Bishop Huntington House

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Former gentle residents still reside here.

Some have a loving heart that they share with the young.




This “Authentic, Colonial House” was one of the first built on May 27, 1752, that was north of town, outside the stockade, on a forty acre estate. Although there have been many alterations and improvements to suit the occupants throughout the years, much of the original house, built by Moses Porter, remains as it was originally built. The main part of this mansion, a valuable piece of American history, has two floors, with the usual peaked roof of the time. A third floor attic and bedroom were added later.

Practically every item in this mansion is 100 years old, and some are as old as 175 years, including “breathtaking leaded glass, 12-foot ceilings, and spectacular staircases, woodwork, china cabinets, built-ins and marble.” Among the many historical relics, one can see two colonial-style cooking fireplaces, a smoke oven, and various types of colonial furniture, such as the four poster bed used by the original Porters in the downstairs front bedroom. Also in this bedroom, Mr. Porter’s sword can be seen on the mantelpiece of the fireplace. In the door yard south of the mansion, Moses Porter planted 3 elm trees; one for his wife, Elizabeth, one for himself, and one for his 4 year old daughter, Betty. One of these elms is still thriving today, among the lush gardens.



The happy Porter family had lived in their new mansion only three years, when tragedy struck, breaking the hearts of both Mrs. Elizabeth Porter, and the young daughter, Betty. Moses Porter, a Captain in the Militia, was called up to go fight the French and their Indian allies. While putting Betty to bed in the downstairs front bedroom, Moses Porter’s Indian servant handed Mrs. Porter her husband’s sword through the heavy bedroom window shutters, silently indicating that Moses had been killed, in a bloody ambush. As a result of this tremendous loss, both Mrs. Porter and Betty mourned his passing for the rest of their lives, never getting over their grief. Unfortunately, grief counselors weren’t available during this time era.



Either Mrs. Porter or her daughter, Betty, mentioned above may be the entity haunting the mansion. Or it could be someone who died more recently. No one knows for sure. It’s hard to say when the manifestations started. The haunting incidents weren’t discussed among family members until a generation or two before the mansion became a museum, started by Dr. Huntington and his family, direct descendants of the Porters.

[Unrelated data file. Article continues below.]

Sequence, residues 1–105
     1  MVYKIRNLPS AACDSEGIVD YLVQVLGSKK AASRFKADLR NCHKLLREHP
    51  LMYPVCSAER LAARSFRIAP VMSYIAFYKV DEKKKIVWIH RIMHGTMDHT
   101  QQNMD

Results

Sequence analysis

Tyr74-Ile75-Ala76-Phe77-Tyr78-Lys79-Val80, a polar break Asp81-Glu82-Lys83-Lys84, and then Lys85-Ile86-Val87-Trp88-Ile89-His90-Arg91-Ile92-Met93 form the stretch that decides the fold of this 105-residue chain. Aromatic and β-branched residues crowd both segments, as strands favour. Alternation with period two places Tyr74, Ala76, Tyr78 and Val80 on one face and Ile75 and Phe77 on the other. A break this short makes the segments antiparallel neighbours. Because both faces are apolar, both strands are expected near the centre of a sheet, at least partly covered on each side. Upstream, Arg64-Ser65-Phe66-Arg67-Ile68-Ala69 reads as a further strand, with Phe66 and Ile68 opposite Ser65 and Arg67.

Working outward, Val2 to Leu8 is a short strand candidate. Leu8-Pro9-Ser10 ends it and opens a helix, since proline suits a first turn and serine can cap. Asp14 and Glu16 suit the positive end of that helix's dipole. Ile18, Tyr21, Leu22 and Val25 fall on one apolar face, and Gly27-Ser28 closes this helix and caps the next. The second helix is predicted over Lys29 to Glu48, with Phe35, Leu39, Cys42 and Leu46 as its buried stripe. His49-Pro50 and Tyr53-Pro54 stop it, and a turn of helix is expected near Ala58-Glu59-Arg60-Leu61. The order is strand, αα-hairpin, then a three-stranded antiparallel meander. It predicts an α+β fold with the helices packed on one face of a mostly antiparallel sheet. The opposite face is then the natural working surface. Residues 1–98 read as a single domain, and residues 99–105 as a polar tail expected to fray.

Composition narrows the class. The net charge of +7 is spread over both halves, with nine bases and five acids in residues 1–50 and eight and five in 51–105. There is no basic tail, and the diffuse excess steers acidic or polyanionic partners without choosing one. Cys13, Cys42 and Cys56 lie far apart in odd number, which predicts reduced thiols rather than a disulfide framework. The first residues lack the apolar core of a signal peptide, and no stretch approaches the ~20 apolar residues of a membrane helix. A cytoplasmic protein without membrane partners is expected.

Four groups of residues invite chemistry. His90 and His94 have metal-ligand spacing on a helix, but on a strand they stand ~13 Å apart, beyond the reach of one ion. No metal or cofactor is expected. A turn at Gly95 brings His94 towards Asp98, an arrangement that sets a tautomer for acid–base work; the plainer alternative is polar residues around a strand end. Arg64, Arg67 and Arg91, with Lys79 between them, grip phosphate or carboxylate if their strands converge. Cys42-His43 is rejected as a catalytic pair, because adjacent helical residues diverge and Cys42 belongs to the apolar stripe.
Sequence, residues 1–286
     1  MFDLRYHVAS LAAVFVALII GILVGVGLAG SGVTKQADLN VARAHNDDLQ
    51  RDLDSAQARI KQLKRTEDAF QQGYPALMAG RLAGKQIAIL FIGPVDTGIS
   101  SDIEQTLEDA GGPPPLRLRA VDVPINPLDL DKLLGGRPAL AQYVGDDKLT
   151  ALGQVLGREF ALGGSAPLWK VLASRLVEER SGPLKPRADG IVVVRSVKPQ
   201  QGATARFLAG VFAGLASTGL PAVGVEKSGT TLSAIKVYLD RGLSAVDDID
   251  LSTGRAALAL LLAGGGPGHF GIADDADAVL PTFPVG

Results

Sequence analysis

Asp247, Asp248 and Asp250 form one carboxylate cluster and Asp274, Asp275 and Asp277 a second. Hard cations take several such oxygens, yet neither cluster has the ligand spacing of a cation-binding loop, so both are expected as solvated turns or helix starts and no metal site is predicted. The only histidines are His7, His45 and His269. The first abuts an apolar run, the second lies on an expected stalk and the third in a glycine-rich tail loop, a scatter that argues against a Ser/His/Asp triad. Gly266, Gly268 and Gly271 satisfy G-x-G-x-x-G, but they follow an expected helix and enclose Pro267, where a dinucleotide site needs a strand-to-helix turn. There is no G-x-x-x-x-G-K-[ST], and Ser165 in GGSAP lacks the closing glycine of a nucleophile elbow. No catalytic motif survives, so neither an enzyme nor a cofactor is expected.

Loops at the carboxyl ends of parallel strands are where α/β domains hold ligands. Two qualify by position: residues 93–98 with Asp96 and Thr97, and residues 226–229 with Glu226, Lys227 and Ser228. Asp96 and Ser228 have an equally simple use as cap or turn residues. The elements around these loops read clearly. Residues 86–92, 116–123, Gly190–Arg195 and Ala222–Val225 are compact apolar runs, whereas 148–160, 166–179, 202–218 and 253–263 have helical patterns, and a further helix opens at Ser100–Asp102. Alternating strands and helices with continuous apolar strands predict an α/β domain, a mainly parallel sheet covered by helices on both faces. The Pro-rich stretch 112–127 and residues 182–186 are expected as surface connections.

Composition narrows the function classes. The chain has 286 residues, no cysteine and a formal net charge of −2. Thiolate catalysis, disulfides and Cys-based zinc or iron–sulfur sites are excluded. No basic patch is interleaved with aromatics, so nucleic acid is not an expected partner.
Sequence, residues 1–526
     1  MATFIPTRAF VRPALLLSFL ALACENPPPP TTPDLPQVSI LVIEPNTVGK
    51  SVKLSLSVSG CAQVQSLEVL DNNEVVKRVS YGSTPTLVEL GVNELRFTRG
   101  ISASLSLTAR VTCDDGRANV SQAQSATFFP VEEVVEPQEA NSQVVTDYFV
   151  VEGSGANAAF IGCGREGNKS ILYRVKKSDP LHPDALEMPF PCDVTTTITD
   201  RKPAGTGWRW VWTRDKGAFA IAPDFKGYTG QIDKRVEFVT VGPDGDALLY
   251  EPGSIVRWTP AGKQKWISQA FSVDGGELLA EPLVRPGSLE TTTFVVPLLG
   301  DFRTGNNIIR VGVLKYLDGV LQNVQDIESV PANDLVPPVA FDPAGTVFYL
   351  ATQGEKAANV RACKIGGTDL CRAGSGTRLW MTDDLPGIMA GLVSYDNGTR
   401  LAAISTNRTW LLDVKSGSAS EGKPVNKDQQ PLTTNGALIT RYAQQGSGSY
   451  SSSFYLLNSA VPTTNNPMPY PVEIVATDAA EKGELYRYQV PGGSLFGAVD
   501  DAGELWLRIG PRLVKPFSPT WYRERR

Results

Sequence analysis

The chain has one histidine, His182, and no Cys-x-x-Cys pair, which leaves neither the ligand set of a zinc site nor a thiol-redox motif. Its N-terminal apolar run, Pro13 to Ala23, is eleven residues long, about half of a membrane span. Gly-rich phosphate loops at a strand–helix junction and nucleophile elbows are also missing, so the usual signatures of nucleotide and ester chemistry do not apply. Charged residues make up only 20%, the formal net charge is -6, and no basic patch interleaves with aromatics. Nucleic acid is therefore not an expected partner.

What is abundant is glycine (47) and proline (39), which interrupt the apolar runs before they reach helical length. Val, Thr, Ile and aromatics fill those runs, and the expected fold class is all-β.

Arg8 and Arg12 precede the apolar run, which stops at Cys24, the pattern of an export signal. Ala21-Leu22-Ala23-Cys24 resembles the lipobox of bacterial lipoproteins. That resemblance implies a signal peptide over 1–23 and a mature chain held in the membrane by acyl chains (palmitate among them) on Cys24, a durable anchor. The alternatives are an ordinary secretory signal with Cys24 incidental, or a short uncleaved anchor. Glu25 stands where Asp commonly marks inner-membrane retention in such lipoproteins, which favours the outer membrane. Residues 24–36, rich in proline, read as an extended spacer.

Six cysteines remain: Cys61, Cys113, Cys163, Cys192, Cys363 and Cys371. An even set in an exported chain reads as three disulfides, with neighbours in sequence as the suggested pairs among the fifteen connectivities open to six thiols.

Throughout the years, children have found themselves being gently, lovingly tucked in at night, by a kindly, well-meaning presence. Awakening in the middle of the night, children of many generations have seen an apparition bending over their beds, who was wearing a full skirt, with an oddly patterned design, and a frilled white cap, that both glowed in the dark. Children would tell their mothers, that they had felt being tucked in, thinking it was their own mother. Mothers told them that it must have been the ghost, an ancestor of their family line.

“A firm, but light step” has been heard going up the staircase to the attic, usually after midnight or sometimes at sunrise. The door to this staircase on the second floor hallway, was always firmly closed and latched, but would be found open the next morning. A young Huntington boy, who was sleeping in the attic room had an encounter with an apparition on the stairs. After hearing for two consecutive nights, approaching footsteps coming up to the attic, he flew down the stairs, on the third nightly hearing of these footsteps, passing a child-sized apparition, on the stairs.

While the first Elizabeth’s spinning wheel was kept in the north kitchen, the whirring sound of this spinning wheel was heard coming from the attic.

Dr. Huntington has personally seen latches rise by themselves, and doors open, without any help from the wind or the living.

While sitting with the family in the long room, or at the dining room table, visitors have seen, out of the corner of their eyes, something bustling by in a hurry.

Family members had heard a “high, sustained musical note” once in a while during the day and night.

Indentations on the four poster bed in the front bedroom have been seen by the living, as if someone unseen was lying down on top of the spread.



Well-known author and psychic, Suzie Smith, briefly saw a gray mist traveling up the staircase to the attic, and saw an unexplained shadow, while on her day tour of the mansion. Full details of her observations and her report on the mansion can be found in her book, “Prominent American Ghosts,” a must see for ghost lovers.



Also called Forty Acres, or known as The Porter/Phelps/Huntington Mansion, this haunted mansion, now a museum, can be found on Route 47, near Hadley, Massachusetts. It’s open to the public in the afternoon, for a fee.

Haunts in Massachusetts